Johannes Gehrke, Ross Cutler, and Chandan Reddy from Microsoft Teams collaborated with Microsoft Research’s Audio and Acoustics Research Group, as well as with Anderson Avila of Institut national de la recherche scientifique (INRS) to develop machine-learning based models for assessing subjective speech quality. Part of the appeal of data-driven and machine-learning based approaches is that they can be re-trained to address new scenarios and applications—an important factor given the rapid advances in communication technology. In “Non-Intrusive Speech Quality Assessment Using Neural Networks” they propose deep neural network architectures to predict the Mean Opinion Score (MOS) of noisy, reverberant speech samples. The MOS is derived as the average subjective rating of each sample by human judges. The proposed models operate non-intrusively, that is, without access to a clean reference signal, to estimate how various types of signal distortions and artifacts affect the perceived speech quality. The best-performing model achieves a Pearson correlation coefficient of 0.87 and a mean-squared error of 0.15 between true and estimated MOS. These results are shown to outperform existing speech quality metrics.
“A goal in Skype/Teams is to replace our Call Quality Feedback user survey with an accurate objective audio quality estimator,” said Ross Cutler, Partner Data and Applied Scientist in Microsoft Teams. “This research gets us much closer to that goal.”
Audiovisual sensing modalities are essential for a variety of scenarios ranging from mixed reality to smart homes and clinical environments. Depending on the application, some modalities may be more suitable than others when considering tradeoffs between cost and resolution or between privacy and robustness. Changes in the environment, including background noise or lighting conditions, or even the proximity of objects of interest may compromise sensor data and negatively impact the performance of inference models. The combination of multiple sensor modalities allows the studying of corner cases – cases outside of normal operating parameters – including operation in direct sunlight or complete darkness, in the presence of noise, or in scenarios with strict interference or privacy requirements.
The Audio and Acoustics Research Group, led by Partner Software Architect Ivan Tashev, together with the Microsoft Research Hardware Lab, led by Principal Mechanical Engineer Patrick Therien, developed a prototype device that features four different imaging modalities: depth, RGB, heat, and ultrasound. (See Figure 2.) Depth and RGB images are obtained using Kinect for Azure. A forward-looking infrared (FLIR) sensor serves as a passive heat camera. Becky Gagnon from the Microsoft Research Hardware Lab developed custom circuitry for driving an ultrasound transducer and 8-element microphone array used for ultrasound capture. Lex Story and John Romualdez from the Microsoft Research Hardware Lab created the early version of the prototype and the initial electronics.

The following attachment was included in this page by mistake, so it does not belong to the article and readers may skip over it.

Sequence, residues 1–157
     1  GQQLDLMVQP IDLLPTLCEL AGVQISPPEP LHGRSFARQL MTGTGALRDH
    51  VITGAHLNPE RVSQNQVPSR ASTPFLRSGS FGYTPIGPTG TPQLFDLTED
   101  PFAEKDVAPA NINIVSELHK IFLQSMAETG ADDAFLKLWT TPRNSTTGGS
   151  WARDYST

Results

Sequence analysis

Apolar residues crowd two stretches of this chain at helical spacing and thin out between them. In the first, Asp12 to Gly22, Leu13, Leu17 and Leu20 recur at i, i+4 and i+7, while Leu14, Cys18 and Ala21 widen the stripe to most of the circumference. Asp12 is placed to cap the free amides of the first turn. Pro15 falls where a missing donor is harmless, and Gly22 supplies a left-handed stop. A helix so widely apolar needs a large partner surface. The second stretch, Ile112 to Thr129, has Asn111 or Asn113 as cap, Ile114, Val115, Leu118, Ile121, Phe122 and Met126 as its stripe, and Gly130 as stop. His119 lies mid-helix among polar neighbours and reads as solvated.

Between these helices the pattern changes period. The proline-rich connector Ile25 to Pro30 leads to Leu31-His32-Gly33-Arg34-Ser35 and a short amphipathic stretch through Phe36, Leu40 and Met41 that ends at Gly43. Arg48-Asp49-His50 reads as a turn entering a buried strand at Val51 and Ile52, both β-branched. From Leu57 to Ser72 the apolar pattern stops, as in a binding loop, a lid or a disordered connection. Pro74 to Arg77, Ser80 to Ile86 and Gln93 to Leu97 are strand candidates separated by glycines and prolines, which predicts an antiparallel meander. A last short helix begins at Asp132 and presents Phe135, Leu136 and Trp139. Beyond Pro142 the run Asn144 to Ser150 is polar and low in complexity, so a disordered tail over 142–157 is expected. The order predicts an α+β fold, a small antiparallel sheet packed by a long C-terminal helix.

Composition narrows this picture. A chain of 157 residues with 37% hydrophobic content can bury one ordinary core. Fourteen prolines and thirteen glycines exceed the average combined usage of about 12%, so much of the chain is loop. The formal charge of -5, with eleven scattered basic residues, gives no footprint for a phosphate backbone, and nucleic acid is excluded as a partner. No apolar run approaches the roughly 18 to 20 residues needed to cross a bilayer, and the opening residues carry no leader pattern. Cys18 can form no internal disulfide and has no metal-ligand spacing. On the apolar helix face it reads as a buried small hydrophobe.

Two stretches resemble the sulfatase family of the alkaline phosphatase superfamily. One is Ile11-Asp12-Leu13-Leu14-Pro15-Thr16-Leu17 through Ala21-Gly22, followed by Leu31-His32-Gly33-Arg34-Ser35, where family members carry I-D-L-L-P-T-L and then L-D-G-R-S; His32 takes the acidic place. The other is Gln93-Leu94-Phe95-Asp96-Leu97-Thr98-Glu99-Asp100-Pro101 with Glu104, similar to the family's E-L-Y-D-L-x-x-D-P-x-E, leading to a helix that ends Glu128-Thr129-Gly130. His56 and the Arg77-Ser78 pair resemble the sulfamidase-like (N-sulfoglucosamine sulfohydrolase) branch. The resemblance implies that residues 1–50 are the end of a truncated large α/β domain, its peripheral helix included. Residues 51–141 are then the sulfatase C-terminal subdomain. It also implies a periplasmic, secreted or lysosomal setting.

“The problem we address with the multimodal gesture recognition is not accuracy but robustness – each of the input modalities can be blinded in given conditions, but it is unlikely all of them to be blinded simultaneously,” said Ivan Tashev. The custom ultrasonic imaging array serves as an alternative to visual modalities to study close-proximity or privacy-sensitive scenarios, and applications where power consumption may be more critical than spatial resolution. Researcher Shuayb Zarar and Post-Doc Researcher Sebastian Braun are investigating various array designs for this purpose.
When it comes to building a robust framework for audiovisual scene inference in practice, the availability of training data may be an important factor. Hannes Gamper studies the differences between sensing modalities in terms of their training requirements. Together with Principal Research SDE David Johnston and Researcher Dimitra Emmanouilidou, they demonstrate the nature of these challenges in the context of an interactive gesture-based game. Stop by the Microsoft booth at ICASSP and try it for yourself!